AI-based systems will also help researchers improve the quality of their writing. Although there is some concern that systems like ChatGPT will be used to actually write texts, I would argue that this is not a problem. On the contrary, AI assistance is welcome if it improves the way in which the data are interpreted and integrated into an article. Too many papers are poorly structured, include repetitions and redundant text, and need language editing due to poor command of the English language. The clarity and quality of papers could be much improved by using AI.

For journal editors, AI systems can help check the quality and completeness of studies in submitted articles. Even well-known and frequently cited studies published in major journals can have important shortcomings. For example, a famous trial, the results of which were published in the JAMA [3], compared infusions of sodium chloride and a balanced solution, but measurements of blood chloride levels, which were essential to interpretation of the results, had been forgotten [4].

The risks of data fabrication and plagiarism are serious issues, but here also AI will be of help to identify and prevent such events (using AI systems to recognize AI-generated data). Data fabrication will always lead to some incongruity and inconsistency. In the medical field, it was the implausibility of the standard deviations of some variables that eventually led to the recognition of scientific misconduct by Joachim Boldt, with the retraction of the vast majority of his numerous publications [5]. As AI systems are used more widely, the large amounts of input data will result in easier identification of data fabrication and detection of plagiarism.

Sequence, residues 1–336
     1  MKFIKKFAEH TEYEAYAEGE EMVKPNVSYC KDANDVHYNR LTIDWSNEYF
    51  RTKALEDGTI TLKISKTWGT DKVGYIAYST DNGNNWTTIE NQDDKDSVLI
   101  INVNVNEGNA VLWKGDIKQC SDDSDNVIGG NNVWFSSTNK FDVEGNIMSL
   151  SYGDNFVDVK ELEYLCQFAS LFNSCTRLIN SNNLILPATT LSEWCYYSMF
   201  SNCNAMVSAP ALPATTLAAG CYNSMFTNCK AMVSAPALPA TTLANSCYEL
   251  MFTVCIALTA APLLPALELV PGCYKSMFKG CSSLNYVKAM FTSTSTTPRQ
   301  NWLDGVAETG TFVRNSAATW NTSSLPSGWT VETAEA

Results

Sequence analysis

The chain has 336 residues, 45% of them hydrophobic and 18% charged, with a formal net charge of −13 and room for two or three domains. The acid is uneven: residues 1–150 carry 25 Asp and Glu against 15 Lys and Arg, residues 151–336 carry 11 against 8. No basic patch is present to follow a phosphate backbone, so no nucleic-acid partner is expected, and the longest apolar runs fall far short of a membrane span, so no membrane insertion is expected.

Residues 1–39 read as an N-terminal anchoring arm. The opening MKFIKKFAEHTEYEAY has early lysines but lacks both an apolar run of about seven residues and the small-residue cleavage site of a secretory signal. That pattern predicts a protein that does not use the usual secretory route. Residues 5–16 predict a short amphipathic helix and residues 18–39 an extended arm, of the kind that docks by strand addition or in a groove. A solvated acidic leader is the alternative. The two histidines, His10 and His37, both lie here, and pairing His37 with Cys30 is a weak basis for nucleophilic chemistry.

AI-based systems will also help editors in their task to find the most appropriate reviewers for specific papers, based on reviewers’ backgrounds, lists of publications (including those cited in the paper to be reviewed), and previous reviewing records (how well and how fast they reviewed previous papers). The system could even take care of the whole process, from selection of experts, through invitations and collection of reports, to a final decision based on the reviewers’ recommendations. In a provocative letter, Salvagno and Taccone [1] propose that AI systems could replace the Editor-in-Chief, providing a more objective and more efficient process than is currently the case. Post-publication queries about integrity, errata, and retractions could also be reduced by using a complete AI-based editorial process.

The post-publication impact of articles and spread of information will also be facilitated, by automatic identification of the important novel aspects of published research, leading to more rapid application of effective new concepts and/or meaningful improvements in practice. Press releases, visual abstracts, summary videos, and social media posts can all be created by AI, and targeted appropriately at specific populations, from the specialist through to the general public.

The increasing role of AI technology in the future is evident and should be seen as a positive event as it will be of tremendous help to assist both authors and publishers. As an Editor-in-Chief, I do not feel threatened, but relieved that some of the more time-consuming and complex aspects of my job will be taken over, significantly improving the ultimate quality and output of the journal, which can only be for the good of science.